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Three Men and a Warhorse

There are pieces so familiar, so overplayed, it's hard to remember how they even got that way-- Beethoven's Fifth, Barber's "Adagio." They're classics. Warhorses of the classical repertoire you might say. But what makes a classic a classic? For one, musicians have to love to play it. And audiences have to love to hear it. But there's more to it than that. A great musician can make the old sound newly minted.

Loving Grieg

Pianist Leif Ove Andsnes has had a long-term love affair with a familiar warhorse by Edvard Grieg—his Piano Concerto in A minor.

Years ago, when Andsnes first played the piece with conductor Esa-Pekka Salonen he was just a teenager with a rock' n' roll hairdo. Salonen initially thought, "Oh well, another Grieg Piano Concerto we'll get through it somehow." But at the first rehearsal Salonen says something special happened. "After just five seconds the whole orchestra was completely electrified," Salonen recalls. "And at the end of the run-through the whole orchestra stands up and gives him a standing ovation."

A Country Concerto

Part of making Grieg's warhorse sound fresh is tapping into the national flavor of the music. The fjords, the fairy tales, the folk tunes. They all found a place in Grieg's music. He was Norway's greatest composer, and he proved his patriotism by infusing his Concerto with spirit of the Norwegian countryside.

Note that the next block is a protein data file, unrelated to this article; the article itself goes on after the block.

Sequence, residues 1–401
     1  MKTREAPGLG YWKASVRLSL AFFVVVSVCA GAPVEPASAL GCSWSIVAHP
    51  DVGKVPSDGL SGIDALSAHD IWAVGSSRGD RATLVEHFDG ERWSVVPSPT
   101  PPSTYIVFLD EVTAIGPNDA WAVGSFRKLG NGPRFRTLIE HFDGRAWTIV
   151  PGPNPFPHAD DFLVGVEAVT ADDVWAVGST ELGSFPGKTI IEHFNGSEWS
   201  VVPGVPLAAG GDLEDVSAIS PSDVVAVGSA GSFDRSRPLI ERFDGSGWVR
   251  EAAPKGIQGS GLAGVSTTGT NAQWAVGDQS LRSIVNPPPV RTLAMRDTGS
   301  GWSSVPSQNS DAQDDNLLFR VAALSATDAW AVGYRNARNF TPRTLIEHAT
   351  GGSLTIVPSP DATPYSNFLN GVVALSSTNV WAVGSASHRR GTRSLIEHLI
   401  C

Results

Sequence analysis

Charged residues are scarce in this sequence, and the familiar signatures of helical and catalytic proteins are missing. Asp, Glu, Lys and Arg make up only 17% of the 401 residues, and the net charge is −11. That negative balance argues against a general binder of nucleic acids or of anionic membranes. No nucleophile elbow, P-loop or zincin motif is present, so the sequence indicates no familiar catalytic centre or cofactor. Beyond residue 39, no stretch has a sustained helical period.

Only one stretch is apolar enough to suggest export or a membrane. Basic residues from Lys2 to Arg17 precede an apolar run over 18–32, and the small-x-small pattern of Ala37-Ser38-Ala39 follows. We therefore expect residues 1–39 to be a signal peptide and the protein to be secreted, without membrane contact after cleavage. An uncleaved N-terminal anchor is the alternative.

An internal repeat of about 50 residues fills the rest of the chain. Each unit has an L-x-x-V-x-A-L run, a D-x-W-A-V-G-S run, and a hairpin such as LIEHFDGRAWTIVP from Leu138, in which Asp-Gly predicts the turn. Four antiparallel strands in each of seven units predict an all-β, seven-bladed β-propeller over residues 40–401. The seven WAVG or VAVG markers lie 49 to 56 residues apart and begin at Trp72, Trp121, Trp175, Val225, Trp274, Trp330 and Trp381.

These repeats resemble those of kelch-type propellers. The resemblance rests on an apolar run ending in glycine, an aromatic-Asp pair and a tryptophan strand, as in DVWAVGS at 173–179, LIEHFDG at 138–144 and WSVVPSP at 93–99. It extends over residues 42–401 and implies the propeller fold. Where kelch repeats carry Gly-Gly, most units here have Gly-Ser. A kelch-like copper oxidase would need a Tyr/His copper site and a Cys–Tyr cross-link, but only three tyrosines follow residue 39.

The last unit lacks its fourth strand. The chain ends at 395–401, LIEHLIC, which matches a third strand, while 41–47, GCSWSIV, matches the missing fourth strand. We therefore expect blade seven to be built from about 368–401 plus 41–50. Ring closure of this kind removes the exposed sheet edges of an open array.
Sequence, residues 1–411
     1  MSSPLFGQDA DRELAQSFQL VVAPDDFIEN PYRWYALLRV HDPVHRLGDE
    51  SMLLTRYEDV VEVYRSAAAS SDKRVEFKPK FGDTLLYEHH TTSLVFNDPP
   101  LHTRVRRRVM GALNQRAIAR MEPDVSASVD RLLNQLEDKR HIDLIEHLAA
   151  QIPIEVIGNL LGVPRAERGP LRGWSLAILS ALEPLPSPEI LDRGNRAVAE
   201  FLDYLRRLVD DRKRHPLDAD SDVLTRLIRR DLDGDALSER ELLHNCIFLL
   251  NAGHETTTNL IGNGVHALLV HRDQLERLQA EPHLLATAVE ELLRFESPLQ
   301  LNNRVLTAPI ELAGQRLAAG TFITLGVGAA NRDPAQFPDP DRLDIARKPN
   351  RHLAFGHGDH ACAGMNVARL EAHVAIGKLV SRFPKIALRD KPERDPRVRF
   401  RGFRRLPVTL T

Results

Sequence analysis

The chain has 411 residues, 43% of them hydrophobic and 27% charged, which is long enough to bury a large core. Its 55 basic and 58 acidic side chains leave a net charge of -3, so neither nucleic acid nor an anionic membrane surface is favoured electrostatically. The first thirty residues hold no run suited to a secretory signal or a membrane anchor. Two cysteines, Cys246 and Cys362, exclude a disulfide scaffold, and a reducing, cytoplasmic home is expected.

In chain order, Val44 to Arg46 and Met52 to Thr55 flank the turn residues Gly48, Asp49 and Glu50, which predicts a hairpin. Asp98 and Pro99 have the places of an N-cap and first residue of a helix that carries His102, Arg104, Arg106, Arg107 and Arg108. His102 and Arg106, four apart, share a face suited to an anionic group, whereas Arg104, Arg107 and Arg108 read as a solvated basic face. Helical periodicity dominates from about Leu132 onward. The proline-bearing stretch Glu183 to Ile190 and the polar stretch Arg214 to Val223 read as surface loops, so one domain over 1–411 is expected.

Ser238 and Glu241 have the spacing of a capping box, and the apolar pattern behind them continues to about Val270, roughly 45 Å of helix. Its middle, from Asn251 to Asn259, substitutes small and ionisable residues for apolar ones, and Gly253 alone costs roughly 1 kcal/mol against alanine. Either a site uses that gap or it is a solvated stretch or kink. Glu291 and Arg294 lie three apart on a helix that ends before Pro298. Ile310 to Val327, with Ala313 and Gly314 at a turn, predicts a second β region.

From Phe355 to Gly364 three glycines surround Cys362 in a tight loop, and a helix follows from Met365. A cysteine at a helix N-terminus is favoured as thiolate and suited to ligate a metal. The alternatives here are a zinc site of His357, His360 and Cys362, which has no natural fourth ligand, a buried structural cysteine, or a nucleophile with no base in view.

The last movement of his Piano Concerto skips along in folk dance rhythms (audio). And in the slow movement, Grieg shows his love for Norway's rural landscape another way. He has the pianist imitate a cow-bell (audio).

Grieg was just 25 years old when he wrote the concerto that would make him famous. It was the summer of 1868, and the music came to him during an idyllic vacation in the Danish countryside with his young bride and baby daughter. The piece was a success at its first performance, in Copenhagen, the next year.

No one could guess just what a phenomenon it would become, but Franz Liszt seemed to sense its future. Grieg showed him the score, and Liszt shouted out with excitement as he played though the piece. He told Grieg "Keep on, I tell you. You have the real stuff in you. Don't let them frighten you."

Copyright 2022 American Public Media. To see more, visit American Public Media.

Tom Huizenga is a producer for NPR Music. He contributes a wide range of stories about classical music to NPR's news programs and is the classical music reviewer for All Things Considered. He appears regularly on NPR Music podcasts and founded NPR's classical music blog Deceptive Cadence in 2010.
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